Many people mistakenly believe that using simple math is a good predictor of wolf content for other parent combinations. For example, if one parent is 50% wolf and the other is 100% wolf, most people assume the pups will all be 75% wolf. However, genetics is far from that simple. Between the backcrossing with other wolves, dogs, or wolf dogs and the unique, random genetic crossover that occurs with the production of each individual gamete, there are millions of potential genetic outcomes for wolf dogs. For example, it is theoretically possible that if two fifty-fifty wolf dog crosses were bred, there could be pure wolf, pure dog, and wolf dog siblings in the same litter of pups. While this is a highly improbable situation, the fact that it could technically occur illustrates the complexity of determining exact content of wolf dogs. There will be a range of wolf content in any single litter of wolf dog pups unless the parents are a pure wolf and a pure dog.

While selective breeding can increase the chance of some observable traits being expressed more frequently, the overall underlying genetic makeup of an individual is independent of conscious, external control. Therefore, it is important to realize that selecting for certain traits can have unseen or unintended outcomes.


Assigning wolf content to an individual can be be very challenging. There are three methods with which wolf content can be judged: physical, behavioral, and genetic characteristics. The genetic component will be discussed in a latter section. It is important to note that determining an animal’s content based solely on one of these components is unlikely to yield accurate results.


Using physical characteristics to identify wolf dogs is known as phenotyping. There are dozens of physical features that can be used to distinguish between wolves and dogs including the shape and color of the eyes, the width of the chest, the shape of the muzzle, the length of the legs, the size of the paws, and numerous others. Phenotyping can be a difficult tool to use in identifying wolf dogs if not extremely familiar with how pure wolves look, as many dog breeds can have some features that are similar or even identical to those found in wolves. For example, a golden eye color is not unique to wolves. Thus, a golden eye color does not necessarily indicate that an animal has wolf content. Additionally, there are numerous domestic dogs that have been intentionally bred to resemble wolves, which can cause further complications in distinguishing between the two.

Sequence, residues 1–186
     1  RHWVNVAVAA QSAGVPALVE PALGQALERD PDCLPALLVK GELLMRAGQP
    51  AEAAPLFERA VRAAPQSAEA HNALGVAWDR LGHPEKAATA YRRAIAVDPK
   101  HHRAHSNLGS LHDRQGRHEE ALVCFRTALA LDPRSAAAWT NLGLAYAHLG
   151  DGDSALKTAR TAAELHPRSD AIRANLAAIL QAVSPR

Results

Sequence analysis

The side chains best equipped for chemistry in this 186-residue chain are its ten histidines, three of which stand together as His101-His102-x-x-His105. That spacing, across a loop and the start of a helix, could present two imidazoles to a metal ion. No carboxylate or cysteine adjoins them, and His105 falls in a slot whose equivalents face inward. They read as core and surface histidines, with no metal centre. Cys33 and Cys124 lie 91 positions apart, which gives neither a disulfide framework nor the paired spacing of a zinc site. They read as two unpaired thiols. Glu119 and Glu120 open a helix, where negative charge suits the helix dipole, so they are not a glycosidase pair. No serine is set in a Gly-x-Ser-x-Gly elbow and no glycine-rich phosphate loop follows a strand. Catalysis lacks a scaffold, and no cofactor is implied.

There can be similar issues using behavior to identify wolf dogs. One must have a keen understanding of how wolf and dog behaviors differ from one another to be able to use this strategy, and even this can be inaccurate. It is important to note that both an individual’s genetics and previous experiences contribute to its behavior. For example, a feral or poorly socialized dog may demonstrate cautious or flighty behaviors often observed in wolves, or a well-socialized wolf may be friendly and outgoing like a dog. Just because an animal acts “wolf-like,” does not necessarily indicate that the animal has wolf content.


In general, most sanctuaries and wolf dog experts use both physical and behavioral cues when assessing the content of a suspected wolf dog. As a result, they will not assign percentages to a wolf dog. Instead, they will assign the wolf dog into one of four basic categories: no-content, low-content, mid-content, and high-content.

This is a no-content wolf dog, meaning it is a domestic dog and has no recent wolf DNA.

This is a low-content wolf dog, meaning it has a low percentage of wolf DNA compared to dog DNA.

This is a mid content wolf dog, meaning it has a similar precentage of wolf DNA and dog DNA.

This is a high content wolf dog, meaning it has a high percentage of wolf DNA compared to dog DNA.


DNA testing is the third way of identifying a wolf dog and will often, though not always, give a percentage wolf content with the results. While DNA testing is considered by many to be the most accurate assessment, it is very important to understand that not all DNA tests or laboratories are equally accurate, nor do they all use the same methods and techniques to assess wolf content. Some look at the whole genome while others pick only a few genes to evaluate. Some labs use very recent techniques, while others may use older or rapid but less accurate methods. Some use a cheek swab to get DNA, others use blood samples, and some use hair or feces. Many labs also only use their own canid reference data rather than a universal set to which to compare results. It is also important to remember that DNA testing is an ever-evolving science with new advances in sequencing and technology occurring all the time. These variations can lead to large discrepancies in the reported results, and, just like with physical and behavioral assessments, all DNA results should be looked at with a critical eye and the acknowledgement of the potential for error.